Is Using Nitrous Oxide Dangerous for MTHFR?
Nitrous oxide interferes with the body’s ability to metabolize vitamin B12, which is essential for the production of DNA and red blood cells and for the normal function of the brain and the nervous system.
Those with MTHFR mutations already have lower enzyme activity, higher homocysteine levels, and lower folate levels than those without the mutation.
Using nitrous oxide poses a serious risk of increasing homocysteine further, which can lead to inflammation of endothelial cells and a higher risk of thrombosis, atherosclerosis, myocardial infarction, and cerebrovascular events.
People who have a homozygous MTHFR polymorphism are three to six times more at risk of arterial or venous thrombosis compared with the rest of the population.
Adequate nutrients must be provided before nitrous oxide to restore the cobalamin back to its active and effective state.
Are Other forms of Anesthesia Dangerous with MTHFR?
For MTHFR patients, avoiding nitrous oxide is key. However, it should be noted that nitrous oxide is primarily used as a weak general anesthetic. This is why it is usually used as a carrier gas combined with oxygen, and administered alongside more powerful general anesthetic drugs such as sevoflurane or desflurane.
In terms of anesthetics, halogenated and intravenous anesthetics are generally considered safe for those with MTHFR mutations. The intravenous hypnotic propofol and volatile anesthetic sevoflurane are found to have no effect on homocysteine levels in child patients with MTHFR deficiency. Coadministration of propofol and sevoflurane is also shown to provide faster awakening and extubation with a low incidence of emergence coughing and agitation compared to sevoflurane maintenance.
What Alternatives Can You Request at the Dentist?
Alternatives offered by some dental surgeries include calming agents such as NuCalm or CBD oil. Some clinics may also offer various anti-anxiety techniques such as meditation or tapping, meditation videos prior to the procedure, or headphones to wear during the treatment.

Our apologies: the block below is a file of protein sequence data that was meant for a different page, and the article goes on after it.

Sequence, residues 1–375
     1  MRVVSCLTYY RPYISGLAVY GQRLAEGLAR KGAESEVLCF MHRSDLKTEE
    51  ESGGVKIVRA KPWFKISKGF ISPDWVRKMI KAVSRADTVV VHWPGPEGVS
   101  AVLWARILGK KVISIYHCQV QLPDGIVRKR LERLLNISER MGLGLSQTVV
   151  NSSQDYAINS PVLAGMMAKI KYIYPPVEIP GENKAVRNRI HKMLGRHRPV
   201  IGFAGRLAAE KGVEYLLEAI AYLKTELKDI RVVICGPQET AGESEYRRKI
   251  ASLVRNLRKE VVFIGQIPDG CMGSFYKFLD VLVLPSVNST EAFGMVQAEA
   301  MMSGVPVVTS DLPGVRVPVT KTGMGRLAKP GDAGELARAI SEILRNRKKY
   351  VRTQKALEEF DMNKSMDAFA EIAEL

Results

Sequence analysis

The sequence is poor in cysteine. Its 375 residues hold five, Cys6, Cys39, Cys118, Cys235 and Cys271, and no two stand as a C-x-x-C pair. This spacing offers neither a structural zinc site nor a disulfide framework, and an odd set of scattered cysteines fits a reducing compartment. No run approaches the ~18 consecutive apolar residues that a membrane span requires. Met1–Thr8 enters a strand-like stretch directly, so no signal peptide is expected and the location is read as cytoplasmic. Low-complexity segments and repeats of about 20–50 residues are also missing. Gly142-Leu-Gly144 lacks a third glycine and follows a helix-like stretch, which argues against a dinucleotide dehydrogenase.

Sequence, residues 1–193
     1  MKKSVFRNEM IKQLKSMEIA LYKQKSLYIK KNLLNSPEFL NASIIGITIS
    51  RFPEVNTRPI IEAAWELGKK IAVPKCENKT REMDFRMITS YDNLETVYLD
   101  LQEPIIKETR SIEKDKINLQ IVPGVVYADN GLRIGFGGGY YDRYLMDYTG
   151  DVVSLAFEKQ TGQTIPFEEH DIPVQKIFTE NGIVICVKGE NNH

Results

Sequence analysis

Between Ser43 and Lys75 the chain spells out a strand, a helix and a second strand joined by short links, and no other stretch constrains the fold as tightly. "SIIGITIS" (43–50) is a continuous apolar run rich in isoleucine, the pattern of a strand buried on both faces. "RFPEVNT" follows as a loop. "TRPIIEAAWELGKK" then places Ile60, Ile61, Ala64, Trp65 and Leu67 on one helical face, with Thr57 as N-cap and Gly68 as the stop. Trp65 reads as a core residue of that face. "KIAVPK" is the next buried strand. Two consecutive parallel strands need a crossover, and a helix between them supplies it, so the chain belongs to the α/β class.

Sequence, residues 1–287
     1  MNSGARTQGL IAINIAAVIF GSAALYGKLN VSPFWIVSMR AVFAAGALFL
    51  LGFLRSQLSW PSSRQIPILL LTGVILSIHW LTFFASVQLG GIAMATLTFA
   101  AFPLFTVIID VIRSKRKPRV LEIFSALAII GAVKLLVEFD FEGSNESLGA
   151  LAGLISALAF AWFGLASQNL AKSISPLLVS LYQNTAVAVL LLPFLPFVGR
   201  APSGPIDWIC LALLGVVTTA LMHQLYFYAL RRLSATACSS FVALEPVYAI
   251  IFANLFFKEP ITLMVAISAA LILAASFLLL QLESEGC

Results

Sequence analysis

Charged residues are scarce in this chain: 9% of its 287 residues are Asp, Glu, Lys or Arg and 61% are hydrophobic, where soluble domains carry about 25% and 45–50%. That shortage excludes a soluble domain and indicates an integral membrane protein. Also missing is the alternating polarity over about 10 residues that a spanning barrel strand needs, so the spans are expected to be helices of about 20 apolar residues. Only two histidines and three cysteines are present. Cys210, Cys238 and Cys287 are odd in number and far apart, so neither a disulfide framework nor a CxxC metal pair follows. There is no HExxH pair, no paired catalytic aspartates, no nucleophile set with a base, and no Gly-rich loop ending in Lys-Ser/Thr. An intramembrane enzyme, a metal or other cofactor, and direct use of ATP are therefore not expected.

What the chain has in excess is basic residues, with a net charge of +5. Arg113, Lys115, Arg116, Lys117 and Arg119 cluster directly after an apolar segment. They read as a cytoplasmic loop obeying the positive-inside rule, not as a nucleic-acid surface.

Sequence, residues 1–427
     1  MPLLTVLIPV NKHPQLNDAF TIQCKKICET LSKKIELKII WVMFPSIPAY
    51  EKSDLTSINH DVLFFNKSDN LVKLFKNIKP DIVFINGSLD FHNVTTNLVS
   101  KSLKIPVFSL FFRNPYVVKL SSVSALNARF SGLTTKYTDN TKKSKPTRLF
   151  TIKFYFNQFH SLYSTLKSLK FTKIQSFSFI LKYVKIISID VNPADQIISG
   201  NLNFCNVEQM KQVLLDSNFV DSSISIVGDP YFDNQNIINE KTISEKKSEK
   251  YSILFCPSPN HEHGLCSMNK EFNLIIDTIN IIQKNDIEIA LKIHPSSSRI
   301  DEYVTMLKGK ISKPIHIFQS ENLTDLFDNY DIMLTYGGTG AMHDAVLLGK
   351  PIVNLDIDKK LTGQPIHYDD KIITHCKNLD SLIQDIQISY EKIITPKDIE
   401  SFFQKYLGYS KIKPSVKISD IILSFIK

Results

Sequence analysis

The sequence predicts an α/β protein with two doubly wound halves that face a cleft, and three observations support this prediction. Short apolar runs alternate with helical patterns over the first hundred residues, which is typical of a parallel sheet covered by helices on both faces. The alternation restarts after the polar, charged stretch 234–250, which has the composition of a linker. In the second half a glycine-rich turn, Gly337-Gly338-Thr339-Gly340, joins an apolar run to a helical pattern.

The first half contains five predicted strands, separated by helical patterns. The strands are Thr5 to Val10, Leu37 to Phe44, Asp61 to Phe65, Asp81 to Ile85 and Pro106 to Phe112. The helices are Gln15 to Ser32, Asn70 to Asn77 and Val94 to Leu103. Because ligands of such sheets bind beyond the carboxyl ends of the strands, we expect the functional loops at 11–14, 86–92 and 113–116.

These are safe alternatives to nitrous oxide that provide anxiolytic benefits and have no effects on B12 or homocysteine levels.
What if You Can’t Avoid Nitrous?
For patients who cannot avoid being treated with nitrous oxide, there may be some benefit in taking Vitamin B12 beforehand.
One study found that the administration of B-vitamins before nitrous oxide anesthesia helped to blunt the increase in homocysteine levels, but did not decrease the rate and magnitude of risk factors for cardiac events. However, the researchers concluded that practitioners who felt their MTHFR patients would benefit from nitrous oxide need not refrain from providing it.
Another study found that vitamin B12 infusion before administering nitrous oxide significantly decreased homocysteine levels, but not when infused afterward. However, it is important to note this study used only IV infusion of B12, and not oral supplementation.
Increasing intake of vitamin B12 and liposomal glutathione before your dental appointment is highly recommended. Vitamin B12 is essential for the breakdown of homocysteine, while glutathione has also been shown to help reduce homocysteine levels.
Taking a methylated B12 vitamin alongside methylfolate can help support the body’s methylation process.
Methyl-Life’s® B-Methylated-II contains methylfolate, which is essential for maintaining healthy homocysteine levels, and methylcobalamin (B12), which works closely alongside folate in
converting homocysteine to methionine.
Folate and B12 are also both required to produce S-adenosylmethionine (SAMe), the compound involved in methyl donation in neurotransmitter synthesis, free radical scavenging, stimulating glutathione production, reducing inflammation, and providing neuroprotective effects.
Methylcobalamin is the active form of B12 and the most efficient means of supplying the nutrient as it is bioidentical to the B12 forms occurring in human physiology.
Treatment with nitrous oxide should be preceded and followed by a low-homocysteine diet and supplementation with methylfolate, methylcobalamin, and other nutrients shown to help lower homocysteine: glutathione, NAC, vitamin B6, TMG or DMG, and taurine.